I've also found an outline useful as a way to try and capture the feel or atmosphere of the story once I think I have it right. Usually, I will go for a walk (many walks, actually!) to pound out ideas, and to try and move the trajectory of the story forward in my head. Then I jot down notes -- snippets of ideas and snatches of dialogue as they come to me. Once I feel that I have all the pieces, and that they fit, and I have a sense of the atmosphere and the voice of the story, I may write an outline, just for the relief of knowing I have that as a reference in case I forget a small piece of motivation, or plot detail, or some such thing.
But inevitably, I have found that once I start to write the story will go off on a trajectory that I hadn't planned -- but that is right. Well, right enough for that draft, anyway.
Some writing teachers suggest making a chapter by chapter outline. Some writers I know do this.
You have to find what works best for you. I couldn't bear to do a chapter by chapter outline because it would bore me to death to write the story. I like to discover and explore as I write and if I have every event and detail pinned down in the outline, I think I'd find it a slog to actually write the story. I'd just lose interest in it. But that's me.
To outline or not is something each writer must decide for her/himself. It may even vary from story to story.
Monday, November 22, 2010
To which I say, rubbish. Write about what you want to write about, what you're passionately curious about. Then do the necessary research. I have little interest in writing about what I know, because, well, why bother? Writing is very much a process of exploration for me and I don't have much interest in writing solely about what I know because there is no heat of the chase, nothing to discover and uncover.
Take my most recent novel THE TROUBLE WITH DILLY, for example.
It's about a girl, Dilly -- wildly imaginative, exuberant and impulsive -- who lives with her family in a large Canadian city above their family grocery and Indian food take out, and who plays hockey. I've always wanted to write about a girl who played hockey, but I don't know (or rather, didn't know) much about it. Nor did I know anyone who runs a grocery store.
So I did my research. I visited corner grocery stores in a variety of places to try and get the feel of them, to get Dilly's family store right, a sense of the layout and items they'd stock. The atmosphere and pulse.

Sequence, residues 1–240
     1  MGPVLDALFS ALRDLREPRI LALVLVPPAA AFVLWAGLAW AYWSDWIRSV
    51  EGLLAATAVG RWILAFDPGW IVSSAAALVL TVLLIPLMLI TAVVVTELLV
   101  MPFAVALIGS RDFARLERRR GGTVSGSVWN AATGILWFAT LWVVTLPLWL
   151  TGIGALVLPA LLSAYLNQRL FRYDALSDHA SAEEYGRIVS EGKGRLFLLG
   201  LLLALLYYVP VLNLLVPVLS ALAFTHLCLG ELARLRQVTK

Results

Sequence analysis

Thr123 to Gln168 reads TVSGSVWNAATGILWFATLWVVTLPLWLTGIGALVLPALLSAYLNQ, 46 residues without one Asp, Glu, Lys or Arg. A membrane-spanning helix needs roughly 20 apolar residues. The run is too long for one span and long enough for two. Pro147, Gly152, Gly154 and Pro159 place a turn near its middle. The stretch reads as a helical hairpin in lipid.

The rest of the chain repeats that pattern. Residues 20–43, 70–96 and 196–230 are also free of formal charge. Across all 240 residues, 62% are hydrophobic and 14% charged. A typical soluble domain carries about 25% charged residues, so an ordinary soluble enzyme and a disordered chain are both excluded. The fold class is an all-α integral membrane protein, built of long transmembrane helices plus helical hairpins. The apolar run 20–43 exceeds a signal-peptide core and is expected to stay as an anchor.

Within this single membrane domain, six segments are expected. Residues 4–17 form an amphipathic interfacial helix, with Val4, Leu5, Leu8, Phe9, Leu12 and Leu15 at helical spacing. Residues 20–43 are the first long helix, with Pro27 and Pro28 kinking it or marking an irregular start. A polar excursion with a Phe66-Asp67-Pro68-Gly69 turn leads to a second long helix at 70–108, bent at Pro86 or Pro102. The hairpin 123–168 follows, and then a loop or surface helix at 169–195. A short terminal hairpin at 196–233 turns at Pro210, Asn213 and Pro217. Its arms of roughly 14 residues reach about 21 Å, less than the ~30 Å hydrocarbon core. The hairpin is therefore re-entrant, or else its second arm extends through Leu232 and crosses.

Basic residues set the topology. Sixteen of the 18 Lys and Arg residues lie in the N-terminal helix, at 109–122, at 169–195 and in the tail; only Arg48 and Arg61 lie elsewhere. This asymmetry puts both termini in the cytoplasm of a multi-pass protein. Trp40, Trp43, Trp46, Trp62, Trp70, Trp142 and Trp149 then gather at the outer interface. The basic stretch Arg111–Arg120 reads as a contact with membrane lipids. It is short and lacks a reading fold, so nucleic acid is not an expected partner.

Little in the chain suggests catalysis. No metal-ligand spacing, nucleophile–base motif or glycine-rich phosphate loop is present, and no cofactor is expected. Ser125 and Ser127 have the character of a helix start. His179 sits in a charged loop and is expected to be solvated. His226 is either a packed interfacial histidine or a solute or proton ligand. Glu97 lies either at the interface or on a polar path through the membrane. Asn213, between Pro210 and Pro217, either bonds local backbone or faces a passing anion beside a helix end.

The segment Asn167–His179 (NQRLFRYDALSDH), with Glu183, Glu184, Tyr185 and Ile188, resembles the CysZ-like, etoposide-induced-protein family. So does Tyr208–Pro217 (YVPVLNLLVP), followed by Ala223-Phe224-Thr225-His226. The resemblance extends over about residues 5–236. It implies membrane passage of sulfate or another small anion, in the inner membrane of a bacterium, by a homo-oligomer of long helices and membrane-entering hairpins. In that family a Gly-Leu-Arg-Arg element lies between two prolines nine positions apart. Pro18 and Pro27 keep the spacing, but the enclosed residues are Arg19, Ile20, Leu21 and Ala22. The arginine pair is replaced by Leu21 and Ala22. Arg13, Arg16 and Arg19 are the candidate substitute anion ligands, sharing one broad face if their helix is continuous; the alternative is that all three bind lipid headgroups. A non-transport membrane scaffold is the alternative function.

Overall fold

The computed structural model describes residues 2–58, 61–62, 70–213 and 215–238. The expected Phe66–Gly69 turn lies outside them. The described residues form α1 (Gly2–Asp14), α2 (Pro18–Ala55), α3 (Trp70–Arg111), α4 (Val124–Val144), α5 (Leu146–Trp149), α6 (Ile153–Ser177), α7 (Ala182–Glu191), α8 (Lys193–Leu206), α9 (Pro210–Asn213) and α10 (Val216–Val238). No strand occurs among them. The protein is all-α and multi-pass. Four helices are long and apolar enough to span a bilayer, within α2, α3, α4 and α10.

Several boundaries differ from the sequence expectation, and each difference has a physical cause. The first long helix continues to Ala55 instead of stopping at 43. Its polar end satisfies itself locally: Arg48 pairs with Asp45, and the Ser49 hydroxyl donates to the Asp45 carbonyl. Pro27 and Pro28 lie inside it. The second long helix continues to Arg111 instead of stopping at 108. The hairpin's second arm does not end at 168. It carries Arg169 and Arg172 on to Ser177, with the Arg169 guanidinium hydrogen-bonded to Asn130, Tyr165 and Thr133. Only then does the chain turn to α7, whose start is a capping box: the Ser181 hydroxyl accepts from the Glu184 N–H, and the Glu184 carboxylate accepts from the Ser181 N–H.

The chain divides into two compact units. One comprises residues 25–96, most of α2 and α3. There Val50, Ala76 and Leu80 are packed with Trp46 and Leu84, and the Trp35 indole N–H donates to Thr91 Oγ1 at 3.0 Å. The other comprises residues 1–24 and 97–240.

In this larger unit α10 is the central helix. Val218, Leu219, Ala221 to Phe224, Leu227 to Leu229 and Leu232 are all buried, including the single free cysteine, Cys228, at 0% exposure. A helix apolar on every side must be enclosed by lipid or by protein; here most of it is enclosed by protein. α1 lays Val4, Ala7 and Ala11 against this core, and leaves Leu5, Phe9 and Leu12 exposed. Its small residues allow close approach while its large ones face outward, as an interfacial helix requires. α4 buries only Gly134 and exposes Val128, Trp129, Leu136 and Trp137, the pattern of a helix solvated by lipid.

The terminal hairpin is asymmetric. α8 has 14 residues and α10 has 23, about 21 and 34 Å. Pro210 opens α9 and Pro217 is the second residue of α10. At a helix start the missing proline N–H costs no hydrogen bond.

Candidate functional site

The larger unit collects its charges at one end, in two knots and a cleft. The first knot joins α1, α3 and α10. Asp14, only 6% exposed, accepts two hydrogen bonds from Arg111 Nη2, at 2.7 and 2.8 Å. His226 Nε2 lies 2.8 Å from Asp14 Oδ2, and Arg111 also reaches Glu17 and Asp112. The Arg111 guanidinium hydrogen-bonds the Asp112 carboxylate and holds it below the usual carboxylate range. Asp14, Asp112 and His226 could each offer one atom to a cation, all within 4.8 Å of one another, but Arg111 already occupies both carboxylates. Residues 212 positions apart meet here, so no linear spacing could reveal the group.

I also spoke to family, friends and neighbours who knew about hockey, followed hockey games on TV and even went to local Pee Wee hockey game, and met up with the coach and a few girls who played in the team, to hear their stories and viewpoints. It was a huge amount of fun, and a wonderful glimpse into the hockey culture.
I also had to research Christmas customs in Hungary, immigration challenges for new immigrants, some aspects of Chinese culture, and much more.
It was all part of the fun, part of widening my view of life and expanding my horizons of interest.
I like to think this story is a quintessentially Canadian Christmas story, celebrating as it does cultural diversity and hockey.
But it would never have been written if I stuck only to what I know. For that matter, nor would most of the other books I've written.
Friday, November 12, 2010
And of course, there are courses and books a-plenty with lists of rules about writing.
Here's the rule with which I start all my creative writing workshops:
There are no Golden Rules.
Each writer must find and discover her/his own unique approach to writing, find out what works for her/him.
You can learn the craft of writing -- well, aspects of it, anyway -- but no one can teach you the art of writing. You learn that by writing, by trial and error and finding out what works for you.
Friday, November 5, 2010
For me, the best books are where the writer is invisible. Where I'm caught in the story, where wonderful phrases, if there are any, are absolutely integral and true to the story. Where the author isn't pirouetting around with flash phrases that stick out like a sore thumb, shrieking, "Look at me, look at me!" Or leaping about with grandiose phrases, no matter how lovely, with a cheesy, "Look, aren't I clever?"
Beautiful language can only take you so far. After a while, the reader's admiration can ebb into frustration and even downright hostility because instead of engaging with the story, the language sticks out its knobbly feet and demands attention and homage to the author. Perhaps in an attempt to divert attention from the lack of story?
So, don't show off. Let the tale flow, let the tale do its part.
This is not to say that beautiful language is not appropriate at times. But it needs to serve the story, it always needs to serve the story, not the other way around.
Desert the delectable phrases
Eschew the urge to pontificate, with or without marbles in your mouth, no matter how stunning the marbles.
Say it plain.
Say it clear.
Saturday, October 30, 2010
But to write convincingly in the first person, you need to uncover and discover that character's voice -- come up with a voice that is fresh, distinctive and completely convincing.